clock menu more-arrow no yes mobile

Filed under:

I'm All for Change But This Isn't It

I was among the WCG masses who took to the blog celebrating and metaphorically dancing in the streets upon news that Jerry Angelo had been fired. It's over! There is hope, there will be change, I thought, George McCaskey has done just as I hoped he would; start to erase the wounds of the last 25 years that begin with the dismantling of the champion '85 team and eventually led us into the dark age of the '90s. Sure things have picked up in the last 11 years, but as many on here won't let you forget, the Bears still tread in the mediocre waters of the NFL teams; better than a doormat but not an annual contender.

But as excited as I was, in the days since my excitement has turned to reservation. I will explain why there is reason for hope and reason to worry about the future of the Chicago Bears front office.

The shortest and best explanation I have is summed up with one name; Ted Phillips.

Phillips, as most know, is actually an accountant by trade, he isn't a so-called "football guy" and many fans and media have questioned his knowledge and understanding of the sports management side of things because of this. I know that "bean counters" are very important in any business, but is this the type of guy who should be tasked with hiring the man who will shape the roster or our beloved team?

I'm not saying he can't do it, but he's never done it either, Jerry Angelo, Phillips' first GM "hire" was actually found by a search firm and then approved by Phillips. Phillips got the credit for what was esstentially done by a consulting firm. Nothing wrong with that in some sense, because many corporations use so-called "head-hunting" firms to find the best candidates available for the positions.

When George McCaskey took over a year ago as the chairman for the team I held out some hope, I thought all right, new leadership, a guy who has actually grown up as a part of the organization, who has been around the team a long time, this guy has seen it all and will know what he likes and doesn't like.

Recently in sports, including Chicago, we've seen a new generation of owners/front office take over once-fledgling franchises and turn them into winners; Michael Bidwell who took over the Arizona Cardnials for his father Bill, Jim Irsay, who took over the Colts from his father, the Baltimore hated and notorious tyrant, Robert and in Chicago, where Rocky Wirtz took over the Blackhawks from "Dollar" Bill Wirtz, the legendarily cheap owner who wouldn't even televise games and cut ties with some of the most important players in the franchises storied history.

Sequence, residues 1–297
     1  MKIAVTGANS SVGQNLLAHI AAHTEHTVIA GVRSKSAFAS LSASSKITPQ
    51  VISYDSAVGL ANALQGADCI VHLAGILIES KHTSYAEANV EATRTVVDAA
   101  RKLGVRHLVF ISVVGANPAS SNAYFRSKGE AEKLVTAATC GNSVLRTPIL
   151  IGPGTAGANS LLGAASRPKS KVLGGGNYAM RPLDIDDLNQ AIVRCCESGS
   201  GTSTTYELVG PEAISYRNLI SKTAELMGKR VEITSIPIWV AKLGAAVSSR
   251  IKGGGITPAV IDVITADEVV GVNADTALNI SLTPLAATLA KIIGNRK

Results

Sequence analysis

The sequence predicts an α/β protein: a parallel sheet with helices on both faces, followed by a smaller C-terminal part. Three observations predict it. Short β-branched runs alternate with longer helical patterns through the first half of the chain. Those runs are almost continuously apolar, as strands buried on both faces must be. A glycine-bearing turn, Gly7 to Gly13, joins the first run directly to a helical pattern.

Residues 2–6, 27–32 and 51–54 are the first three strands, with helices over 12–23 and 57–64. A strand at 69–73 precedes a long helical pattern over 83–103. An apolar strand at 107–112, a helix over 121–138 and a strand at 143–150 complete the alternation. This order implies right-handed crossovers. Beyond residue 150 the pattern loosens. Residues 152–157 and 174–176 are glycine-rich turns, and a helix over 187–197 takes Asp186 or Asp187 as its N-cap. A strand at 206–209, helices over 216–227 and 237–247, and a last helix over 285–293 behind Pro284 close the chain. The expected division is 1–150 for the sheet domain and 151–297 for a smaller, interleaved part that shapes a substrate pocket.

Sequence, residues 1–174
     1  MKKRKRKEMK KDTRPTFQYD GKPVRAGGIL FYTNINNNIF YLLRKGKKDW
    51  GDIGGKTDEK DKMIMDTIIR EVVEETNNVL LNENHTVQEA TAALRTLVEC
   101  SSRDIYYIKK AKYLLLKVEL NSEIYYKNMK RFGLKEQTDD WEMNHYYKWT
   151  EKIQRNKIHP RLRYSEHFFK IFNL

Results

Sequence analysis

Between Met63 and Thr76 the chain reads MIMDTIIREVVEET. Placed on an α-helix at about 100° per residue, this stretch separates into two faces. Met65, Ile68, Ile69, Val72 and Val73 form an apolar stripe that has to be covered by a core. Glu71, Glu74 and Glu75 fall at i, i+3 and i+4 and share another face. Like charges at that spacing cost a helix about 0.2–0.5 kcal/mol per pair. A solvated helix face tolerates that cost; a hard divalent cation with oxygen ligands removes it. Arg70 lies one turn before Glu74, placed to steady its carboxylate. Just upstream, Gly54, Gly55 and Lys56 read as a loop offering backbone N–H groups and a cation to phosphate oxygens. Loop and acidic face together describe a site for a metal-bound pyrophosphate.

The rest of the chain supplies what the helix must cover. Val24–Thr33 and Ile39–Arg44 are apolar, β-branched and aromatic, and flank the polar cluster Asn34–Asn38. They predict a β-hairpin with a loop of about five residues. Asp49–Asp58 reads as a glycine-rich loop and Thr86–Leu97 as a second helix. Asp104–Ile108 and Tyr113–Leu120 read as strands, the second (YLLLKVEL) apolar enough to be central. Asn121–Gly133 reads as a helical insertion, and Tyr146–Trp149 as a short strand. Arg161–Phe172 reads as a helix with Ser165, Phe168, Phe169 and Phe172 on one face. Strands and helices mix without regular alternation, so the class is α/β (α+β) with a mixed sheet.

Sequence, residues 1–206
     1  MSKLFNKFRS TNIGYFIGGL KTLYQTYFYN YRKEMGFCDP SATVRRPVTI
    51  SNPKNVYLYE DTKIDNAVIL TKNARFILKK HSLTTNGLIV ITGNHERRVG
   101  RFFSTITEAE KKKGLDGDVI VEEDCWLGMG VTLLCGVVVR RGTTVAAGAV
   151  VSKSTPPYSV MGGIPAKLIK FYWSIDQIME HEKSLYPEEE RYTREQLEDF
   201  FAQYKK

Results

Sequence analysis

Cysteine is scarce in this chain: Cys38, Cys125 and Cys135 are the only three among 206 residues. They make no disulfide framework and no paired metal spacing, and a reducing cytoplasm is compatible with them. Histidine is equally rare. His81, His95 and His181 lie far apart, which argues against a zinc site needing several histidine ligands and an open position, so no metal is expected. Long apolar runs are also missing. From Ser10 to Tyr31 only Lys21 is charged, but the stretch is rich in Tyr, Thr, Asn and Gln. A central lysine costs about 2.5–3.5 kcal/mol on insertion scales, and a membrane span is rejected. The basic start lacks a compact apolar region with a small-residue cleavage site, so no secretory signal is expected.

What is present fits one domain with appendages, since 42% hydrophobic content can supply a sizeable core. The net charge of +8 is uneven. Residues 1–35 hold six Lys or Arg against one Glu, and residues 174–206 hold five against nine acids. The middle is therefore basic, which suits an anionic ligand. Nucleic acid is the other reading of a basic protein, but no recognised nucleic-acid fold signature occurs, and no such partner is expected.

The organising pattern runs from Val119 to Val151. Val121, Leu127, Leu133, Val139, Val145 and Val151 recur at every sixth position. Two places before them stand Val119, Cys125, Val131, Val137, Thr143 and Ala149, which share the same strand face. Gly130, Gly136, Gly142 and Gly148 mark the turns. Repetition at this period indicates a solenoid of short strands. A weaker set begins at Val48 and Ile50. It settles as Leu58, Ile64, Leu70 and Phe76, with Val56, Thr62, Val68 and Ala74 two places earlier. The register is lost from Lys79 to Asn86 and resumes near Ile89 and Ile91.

These guys all took over teams from owners who were known for counting money over wins and whose leadership and motives were questioned by fans and media alike. They brought new ideas and brought winning ways back to teams who were doormats and considered some of the worst run in all of sports.

I thought, well, maybe that is how George McCaskey will be. Take over for the McCaskey generation who inherited the team and who weren't necessairly raised on football and groomed to be NFL leadership. A new generation will come in and turn things around.

I was close.

McCaskey has begun to make his mark on the front office of the Bears by removing Angelo. Great, I think the team will be better for it, however there are two issues I still have; 1) Phillips is still in charge and 2) Lovie gets a say in the process! If you want to make your way known, if you want to begin your era so-to-speak why not cut off the snake at it's head?

Phillips brought in Angelo, Angelo brought in Lovie. I like Lovie and I think he has been somewhat hamstrung by the talent JA put on the field for him, keep Lovie, I'm fine with that. What I take issue with is leaving Phillips in charge, who really hasn't shown he can bring in good people and lead this organization where it needs to go.

Phillips is likely to hire someone who is closer to the old McCaskey family and closer to Angelo than someone who will bring in new ideas and direction. Lovie is likely to approve someone who is Angelo-like and therefore likely to let Lovie keep his job.

T.J. Shouse brought up this point a few weeks ago in his now-pointless (no offense T.J. it was a good read but none of us saw the JA thing coming) post "...Angelo's Coming Back Next Year, and That's Okay" Shouse wrote:

My professional experience includes getting interviewed by Human Resources at my old job (college coach) during an Athletic Director search to identify what I wanted to see from the search. I essentially said, "We need outside candidates to interview to compare to our interior promotion candidates, and give the best candidate the job." What'd they do? Hired the baseball coach/assistant A.D. with a drinking problem. Why, because they are institutionally flawed and want people in place they can control, not someone who could potentially upset the apple cart by bringing in new ideas or setting higher goals; its classic "keep the status quo" versus "take a chance" mentality in business or sport.

To me this is basically what we get with Phillips. Maybe Ruskell is out and that's fine, but we'll still have the "status-quo" so-to-speak of Phillips finding someone in a similar mold to JA than someone completely different. Lovie is going to want to approve of someone who will let him carry on as he has; bring in cronies from his Tampa and St. Louis days, keep the revolving door at DL and safety, etc. Lovie will want someone who isn't likely to oust him after a season or two.

I want someone from the outside with different ideas; enough to give Lovie a fair chance (not like the whol Eric Mangini-Mike Holmgren deal in Cleveland) but who isn't afraid to shake up Halas Hall.

I just can't see Phillips and/or Lovie doing that. If George McCaskey wants to change things up and leave his own mark, start with giving Phillips a pink slip.